Proverb: The Herald Sun

Copyright 1999 The Durham Herald Co.  
The Herald-Sun (Durham, N.C.)

April 26, 1999, Monday

Proverb tackles N.Y. Times crosswords

People prove more adept in some puzzlers than Duke computer program

JEAN P. FISHER The Herald-Sun

To look at it, the crossword puzzle grid might be any casual dabbler's half-finished attempt.

Some words are filled in correctly, in confident black. Other rows contain best guesses and nonsense words: No. 20 across -- "seapegost."

But unlike a dashed-off puzzle one might find in a discarded newspaper, no human hand helped to fill in the letters and words steadily plugging into this particular grid, displayed on a computer monitor at Duke University recently.

At least, not in the traditional sense.

The computer program at work solving crosswords in an empty classroom is the product of several humans -- Duke computer scientists, to be precise -- who took exception to New York Times puzzlemaster Will Shortz's assertion that artificial intelligence could never match human guile in solving crossword puzzles.

"The rallying cry when we took up this project was 'we will show him,' " said Michael Littman, a Duke computer scientist who led the team of students who designed the program.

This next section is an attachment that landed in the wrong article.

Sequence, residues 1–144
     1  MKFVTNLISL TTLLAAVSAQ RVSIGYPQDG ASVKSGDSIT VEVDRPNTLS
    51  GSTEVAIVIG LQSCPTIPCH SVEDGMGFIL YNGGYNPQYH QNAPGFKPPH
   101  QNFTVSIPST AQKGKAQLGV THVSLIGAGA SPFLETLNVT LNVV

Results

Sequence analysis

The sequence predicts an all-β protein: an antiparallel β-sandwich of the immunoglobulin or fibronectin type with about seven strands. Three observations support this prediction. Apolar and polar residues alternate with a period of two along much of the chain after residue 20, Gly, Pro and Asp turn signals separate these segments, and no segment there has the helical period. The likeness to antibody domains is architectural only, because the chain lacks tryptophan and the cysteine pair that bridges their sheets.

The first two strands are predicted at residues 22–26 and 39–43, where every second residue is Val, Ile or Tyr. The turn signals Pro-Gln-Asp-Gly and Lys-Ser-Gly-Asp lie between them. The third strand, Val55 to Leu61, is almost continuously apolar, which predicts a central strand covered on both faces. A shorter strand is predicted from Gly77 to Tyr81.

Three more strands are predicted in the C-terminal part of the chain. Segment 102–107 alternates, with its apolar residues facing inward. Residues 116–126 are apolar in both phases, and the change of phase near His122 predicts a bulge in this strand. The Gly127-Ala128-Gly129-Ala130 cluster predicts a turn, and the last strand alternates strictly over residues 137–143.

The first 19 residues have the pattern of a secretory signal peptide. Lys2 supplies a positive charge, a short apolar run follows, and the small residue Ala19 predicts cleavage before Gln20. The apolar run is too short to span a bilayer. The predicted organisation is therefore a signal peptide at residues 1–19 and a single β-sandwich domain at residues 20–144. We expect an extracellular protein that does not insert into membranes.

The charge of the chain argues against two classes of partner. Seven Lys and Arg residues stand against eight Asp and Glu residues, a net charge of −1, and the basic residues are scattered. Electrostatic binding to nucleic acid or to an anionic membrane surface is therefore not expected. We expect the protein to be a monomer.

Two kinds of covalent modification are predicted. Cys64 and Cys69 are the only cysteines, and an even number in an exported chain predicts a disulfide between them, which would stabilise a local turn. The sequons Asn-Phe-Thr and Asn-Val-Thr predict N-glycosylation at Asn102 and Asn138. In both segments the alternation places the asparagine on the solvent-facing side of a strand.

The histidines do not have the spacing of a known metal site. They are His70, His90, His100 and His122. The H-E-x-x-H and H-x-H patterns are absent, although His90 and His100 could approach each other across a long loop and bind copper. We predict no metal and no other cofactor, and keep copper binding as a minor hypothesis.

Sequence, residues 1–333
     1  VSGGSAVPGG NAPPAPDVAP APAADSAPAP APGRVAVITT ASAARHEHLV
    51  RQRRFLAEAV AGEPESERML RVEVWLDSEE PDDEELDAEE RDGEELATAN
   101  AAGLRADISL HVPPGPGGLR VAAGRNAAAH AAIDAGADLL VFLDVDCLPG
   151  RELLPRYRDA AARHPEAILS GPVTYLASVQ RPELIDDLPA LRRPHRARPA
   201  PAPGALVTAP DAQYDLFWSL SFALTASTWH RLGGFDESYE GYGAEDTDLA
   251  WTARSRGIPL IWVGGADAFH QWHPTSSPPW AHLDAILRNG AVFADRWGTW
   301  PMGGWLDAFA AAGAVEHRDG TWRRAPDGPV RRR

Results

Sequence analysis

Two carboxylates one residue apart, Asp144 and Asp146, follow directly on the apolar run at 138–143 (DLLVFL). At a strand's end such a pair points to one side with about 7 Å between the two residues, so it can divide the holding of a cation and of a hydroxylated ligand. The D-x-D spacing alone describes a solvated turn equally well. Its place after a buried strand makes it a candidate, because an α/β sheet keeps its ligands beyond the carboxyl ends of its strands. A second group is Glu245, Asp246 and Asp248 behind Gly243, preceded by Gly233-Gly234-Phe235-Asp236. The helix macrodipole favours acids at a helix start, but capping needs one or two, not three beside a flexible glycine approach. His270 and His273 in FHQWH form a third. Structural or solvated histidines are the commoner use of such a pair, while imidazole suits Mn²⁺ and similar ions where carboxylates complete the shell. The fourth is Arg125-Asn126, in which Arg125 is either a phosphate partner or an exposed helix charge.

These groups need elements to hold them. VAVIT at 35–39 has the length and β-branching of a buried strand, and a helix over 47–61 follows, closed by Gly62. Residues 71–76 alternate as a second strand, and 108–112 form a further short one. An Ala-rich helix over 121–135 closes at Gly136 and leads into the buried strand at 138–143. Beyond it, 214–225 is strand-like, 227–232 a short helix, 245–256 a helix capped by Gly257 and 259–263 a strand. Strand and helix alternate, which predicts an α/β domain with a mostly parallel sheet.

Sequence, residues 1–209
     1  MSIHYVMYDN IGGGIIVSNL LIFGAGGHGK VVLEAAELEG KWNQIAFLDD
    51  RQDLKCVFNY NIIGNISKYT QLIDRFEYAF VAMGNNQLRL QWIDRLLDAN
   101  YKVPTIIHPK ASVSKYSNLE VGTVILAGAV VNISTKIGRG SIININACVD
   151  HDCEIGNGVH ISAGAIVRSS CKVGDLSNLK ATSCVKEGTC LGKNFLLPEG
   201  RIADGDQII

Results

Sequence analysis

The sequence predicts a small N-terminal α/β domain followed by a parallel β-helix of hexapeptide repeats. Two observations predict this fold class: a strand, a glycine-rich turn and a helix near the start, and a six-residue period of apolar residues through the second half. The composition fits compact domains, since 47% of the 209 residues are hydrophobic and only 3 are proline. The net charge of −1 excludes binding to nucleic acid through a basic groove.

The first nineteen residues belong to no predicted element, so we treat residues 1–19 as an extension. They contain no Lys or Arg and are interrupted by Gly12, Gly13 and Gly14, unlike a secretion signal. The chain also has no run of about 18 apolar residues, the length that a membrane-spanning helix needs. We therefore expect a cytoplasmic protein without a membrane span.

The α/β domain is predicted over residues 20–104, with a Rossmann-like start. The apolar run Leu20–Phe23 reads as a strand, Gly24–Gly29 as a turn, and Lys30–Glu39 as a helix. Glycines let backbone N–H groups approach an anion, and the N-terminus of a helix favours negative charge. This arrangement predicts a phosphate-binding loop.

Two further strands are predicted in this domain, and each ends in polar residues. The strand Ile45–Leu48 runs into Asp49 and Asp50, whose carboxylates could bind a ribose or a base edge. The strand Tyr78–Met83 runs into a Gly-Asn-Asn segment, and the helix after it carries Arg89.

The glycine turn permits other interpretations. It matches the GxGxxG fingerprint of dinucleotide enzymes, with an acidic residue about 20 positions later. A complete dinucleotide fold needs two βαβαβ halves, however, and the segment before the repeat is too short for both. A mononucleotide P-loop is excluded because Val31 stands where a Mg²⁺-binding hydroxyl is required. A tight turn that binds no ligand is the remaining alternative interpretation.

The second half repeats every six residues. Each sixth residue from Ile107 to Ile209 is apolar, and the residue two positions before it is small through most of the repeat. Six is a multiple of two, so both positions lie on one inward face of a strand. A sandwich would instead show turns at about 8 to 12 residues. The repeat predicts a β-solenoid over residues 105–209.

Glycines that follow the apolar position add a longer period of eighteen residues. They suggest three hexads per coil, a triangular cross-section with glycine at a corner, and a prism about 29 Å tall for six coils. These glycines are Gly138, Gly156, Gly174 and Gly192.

And they did.

"Proverb," the program designed by Littman, with Duke doctoral students Greg Keim and Noam Shazeer and other students and faculty, achieved an average of 95.3 percent words correct when given a sample of 370 crosswords. The puzzles, chosen randomly from The New York Times and several other sources, were each solved in under 15 minutes.

Shortz, when made aware of the program's success, suggested an immediate test against the nation's best human solvers, who competed in the 22nd Annual American Crossword Puzzle Tournament held March 12-14 in Stamford, Conn., and directed by Shortz.

Littman received the tournament puzzles weeks before the competition in order to run them through the program and complete a short analysis about why the computer performed as it did.

The competition included 254 human competitors, and for the first time in its history no one completed all seven puzzles perfectly. Had Proverb actually competed, its score, calculated by a formula that combines accuracy and speed, would have put it in 147th place.

"We were really pleased, but I think we also were a little bit naive about how good people are at this," said Littman. "People solve some of these puzzles very quickly. Four minutes -- bang, perfect solution. It was just very humbling, both as a human being and as a designer of software."

Shortz expressed admiration for Proverb's results, posting them on a Web site with the comment: "The results were so interesting (in fact, so amazing) that I printed them out on large sheets of paper and posted them, along with Michael's analysis, after each round at the event."

Littman, in turn, was intrigued that the human solvers took such acute notice of their cybernetic competitor.

"At the actual tournament, [Shortz] put up these big posterboards with Proverb's answers, and participants in the tournament would gather around after each round to see them and talk about it," said Littman, who communicated with Shortz by e-mail over the course of the project.

On one tournament puzzle, Proverb had the 20th highest score. But on another, especially tricky puzzle, the program only got three words correct and came in at 251st place.